-- Oakland Raiders center Barret Robbins, who was barred by Coach Bill Callahan from playing in the Super Bowl on Sunday after a 24-hour unexcused absence, will not play in his first Pro Bowl on Sunday in Honolulu after team doctors did not clear him medically to participate.

Robbins, 29, an eight-year NFL veteran, has had a history of depression and mental illness and remained hospitalized in the San Diego area today, according to a source familiar with his situation. He was reportedly disoriented and likely to remain hospitalized at least another 24 hours, according to an ESPN report.

He had been scheduled to start in the Raiders' 48-21 loss to the Tampa Bay Buccaneers in Super Bowl XXXVII, but was added to the team's inactive list Sunday morning and was not at the game.

According to an NFL spokesman, any Pro Bowl player on either Super Bowl team must be cleared by his team's medical staff in order to play in the all-star game. "The Raiders' doctors did not believe he was physically fit to perform in the Pro Bowl and they notified our office today," NFL spokesman Joe Browne said. Robbins's spot on the AFC roster will be taken by New England's Damien Woody.

A Raiders spokesman said today the team was not commenting further on Robbins's situation, and there were conflicting reports about his whereabouts. Callahan had said Sunday that Robbins was "essentially dismissed" from the team and that "today I dismissed him and sent him back to Alameda. He missed some responsibilities and obligations."

"What the coach said is what we're saying today," spokesman Mike Taylor said here this afternoon before the Raiders flew back to Oakland early this evening. "It's up to you to draw your own conclusions. These are team issues I won't address one way or another."

Robbins apparently made the team's 11 p.m. Friday curfew. He did miss several team obligations Saturday, including meetings and a practice walk-through at Qualcomm Stadium on Saturday. Four teammates told the San Francisco Chronicle that he had been in nearby Tijuana, Mexico, on Saturday. He returned to the team hotel in time for a mandatory meeting Saturday night, but was told by team officials not to attend.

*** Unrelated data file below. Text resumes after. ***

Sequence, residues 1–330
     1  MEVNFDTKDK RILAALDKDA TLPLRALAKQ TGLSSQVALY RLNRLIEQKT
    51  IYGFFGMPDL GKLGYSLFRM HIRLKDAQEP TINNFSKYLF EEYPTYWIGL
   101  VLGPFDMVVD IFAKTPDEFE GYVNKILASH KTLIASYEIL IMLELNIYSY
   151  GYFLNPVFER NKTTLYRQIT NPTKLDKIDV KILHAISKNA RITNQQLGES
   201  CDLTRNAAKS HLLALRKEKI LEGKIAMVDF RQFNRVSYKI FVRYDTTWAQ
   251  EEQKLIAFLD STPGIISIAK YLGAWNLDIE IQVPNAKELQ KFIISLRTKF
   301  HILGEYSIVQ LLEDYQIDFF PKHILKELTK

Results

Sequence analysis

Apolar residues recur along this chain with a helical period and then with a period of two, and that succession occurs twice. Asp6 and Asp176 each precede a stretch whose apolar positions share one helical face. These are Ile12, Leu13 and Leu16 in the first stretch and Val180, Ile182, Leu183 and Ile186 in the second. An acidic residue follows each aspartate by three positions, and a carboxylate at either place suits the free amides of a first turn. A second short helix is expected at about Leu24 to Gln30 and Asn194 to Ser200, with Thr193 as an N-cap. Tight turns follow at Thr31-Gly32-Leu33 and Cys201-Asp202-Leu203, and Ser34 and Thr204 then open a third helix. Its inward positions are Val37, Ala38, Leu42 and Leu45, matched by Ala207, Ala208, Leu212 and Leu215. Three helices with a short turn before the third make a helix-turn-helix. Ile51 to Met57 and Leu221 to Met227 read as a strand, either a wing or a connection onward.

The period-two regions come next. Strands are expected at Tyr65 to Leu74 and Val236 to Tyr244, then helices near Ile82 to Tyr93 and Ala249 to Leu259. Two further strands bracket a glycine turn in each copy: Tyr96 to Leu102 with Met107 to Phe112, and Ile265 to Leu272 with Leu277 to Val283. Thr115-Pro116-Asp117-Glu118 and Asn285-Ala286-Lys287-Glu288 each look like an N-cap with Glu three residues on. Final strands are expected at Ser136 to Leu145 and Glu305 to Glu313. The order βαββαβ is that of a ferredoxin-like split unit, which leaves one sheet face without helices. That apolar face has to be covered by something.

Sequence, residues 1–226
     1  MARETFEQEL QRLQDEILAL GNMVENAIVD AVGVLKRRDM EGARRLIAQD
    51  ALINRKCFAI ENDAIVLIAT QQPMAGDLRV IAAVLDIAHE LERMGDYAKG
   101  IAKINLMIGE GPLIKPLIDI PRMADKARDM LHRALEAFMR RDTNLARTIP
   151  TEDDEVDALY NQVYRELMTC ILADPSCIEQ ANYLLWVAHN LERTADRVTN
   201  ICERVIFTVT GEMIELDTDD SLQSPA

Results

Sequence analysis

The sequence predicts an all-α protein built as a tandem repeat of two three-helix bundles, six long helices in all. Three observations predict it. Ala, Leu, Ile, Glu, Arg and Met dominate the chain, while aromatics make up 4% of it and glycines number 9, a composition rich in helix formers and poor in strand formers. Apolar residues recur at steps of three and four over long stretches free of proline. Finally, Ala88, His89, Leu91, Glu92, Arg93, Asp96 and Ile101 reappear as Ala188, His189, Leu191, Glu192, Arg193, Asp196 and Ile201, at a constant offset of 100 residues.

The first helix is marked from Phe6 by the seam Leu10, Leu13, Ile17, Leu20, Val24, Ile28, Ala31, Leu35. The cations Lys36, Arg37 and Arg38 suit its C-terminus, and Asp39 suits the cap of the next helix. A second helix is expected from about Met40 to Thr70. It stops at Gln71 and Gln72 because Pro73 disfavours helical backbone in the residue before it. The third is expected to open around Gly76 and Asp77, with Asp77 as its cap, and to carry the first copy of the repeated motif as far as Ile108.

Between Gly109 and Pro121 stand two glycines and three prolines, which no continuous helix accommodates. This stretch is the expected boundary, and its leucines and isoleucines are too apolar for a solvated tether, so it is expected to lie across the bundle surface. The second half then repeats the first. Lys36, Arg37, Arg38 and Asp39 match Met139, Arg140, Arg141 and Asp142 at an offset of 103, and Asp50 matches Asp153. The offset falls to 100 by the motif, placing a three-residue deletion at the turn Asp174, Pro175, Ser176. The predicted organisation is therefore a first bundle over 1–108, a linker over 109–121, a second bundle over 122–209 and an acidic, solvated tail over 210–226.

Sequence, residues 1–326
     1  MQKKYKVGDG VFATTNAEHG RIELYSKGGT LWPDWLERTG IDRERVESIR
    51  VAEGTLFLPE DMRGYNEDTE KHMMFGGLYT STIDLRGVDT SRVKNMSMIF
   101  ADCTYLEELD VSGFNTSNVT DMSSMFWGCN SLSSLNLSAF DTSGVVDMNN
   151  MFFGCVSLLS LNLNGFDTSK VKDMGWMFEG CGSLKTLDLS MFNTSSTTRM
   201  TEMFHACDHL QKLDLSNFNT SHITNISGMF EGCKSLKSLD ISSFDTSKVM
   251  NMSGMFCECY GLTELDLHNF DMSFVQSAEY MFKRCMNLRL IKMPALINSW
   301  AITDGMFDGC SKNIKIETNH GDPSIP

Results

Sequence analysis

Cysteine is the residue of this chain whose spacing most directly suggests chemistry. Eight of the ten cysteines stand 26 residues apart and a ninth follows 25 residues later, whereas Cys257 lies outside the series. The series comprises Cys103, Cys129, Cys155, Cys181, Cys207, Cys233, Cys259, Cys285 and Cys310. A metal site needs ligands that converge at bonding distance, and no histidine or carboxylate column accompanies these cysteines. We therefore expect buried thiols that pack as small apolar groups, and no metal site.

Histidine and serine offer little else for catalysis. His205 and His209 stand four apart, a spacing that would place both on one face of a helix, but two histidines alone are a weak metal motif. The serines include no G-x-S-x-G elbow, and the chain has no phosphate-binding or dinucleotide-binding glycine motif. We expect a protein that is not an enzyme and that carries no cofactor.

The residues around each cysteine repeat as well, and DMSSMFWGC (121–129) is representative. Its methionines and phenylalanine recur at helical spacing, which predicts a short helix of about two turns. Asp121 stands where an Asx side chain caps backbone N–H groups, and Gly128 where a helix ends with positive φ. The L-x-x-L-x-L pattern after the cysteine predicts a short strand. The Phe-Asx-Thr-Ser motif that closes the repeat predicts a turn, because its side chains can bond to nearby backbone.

According to sources, Callahan decided to scratch Robbins on Sunday morning and he informed league officials the player would be inactive. Callahan also told Robbins to leave the team hotel and spend the day at the hotel for Raiders family members. Robbins's wife and other family members were there.

The Chronicle reported Monday that league sources confirmed that Robbins, distraught over not being able to play, was initially treated Sunday by a league emergency response team that included two San Diego area physicians -- Til Jolley and Ricardo Martinez.

Neither physician could be reached to comment today, and Robbins's agent, Dallas-based Drew Pittman, was not available to comment.

Robbins has at times battled to control his emotions on the field. Robbins picked up a costly personal foul penalty during a September meeting with Tennessee when he struck Titans defensive tackle Albert Haynesworth during the Raiders' 52-25 victory.

At the time, Callahan termed Robbins's reaction as "completely and totally uncalled for," according to the San Jose Mercury News. "We've got to do a better job in this respect because it's intolerable." Late last season, Robbins was ejected from a game against Baltimore for kicking Ravens middle linebacker Ray Lewis.

He also missed two games after being hospitalized for five days in December 1996 with what team officials said at the time was a chemical imbalance triggered by the flu and an adverse reaction to medications.

Doctors reportedly were treating him for depression with medication and he appeared to recover. He told reporters at the time that he suspected he suffered from depression during his college days at Texas Christian University, but it wasn't diagnosed at the time.

Besides missing the Super Bowl, it appears that Robbins's career with the Raiders may be at an end. Under the terms of a five-year contract extension Robbins signed in 1999, the Raiders agreed to pay him an average of $3.7 million annually, and his salary cap number for the 2003 season would have been $4.28 million.

After Sunday's loss, when his presence may have made some difference on the offensive line, several teammates criticized his absence.

"No guy is bigger than the team," said Raiders guard Frank Middleton. "If someone chooses to do something wrong, that's on him. We feed our family and he's got to feed his. Once they told us what happened, we picked up and moved on. We're a team, not an individual."

Others were more sympathetic. When asked after the game if he was angry with Robbins, linebacker Bill Romanowski said: "No. The guy's got a problem, and he has to do what he has to do. The guy has got to get some help."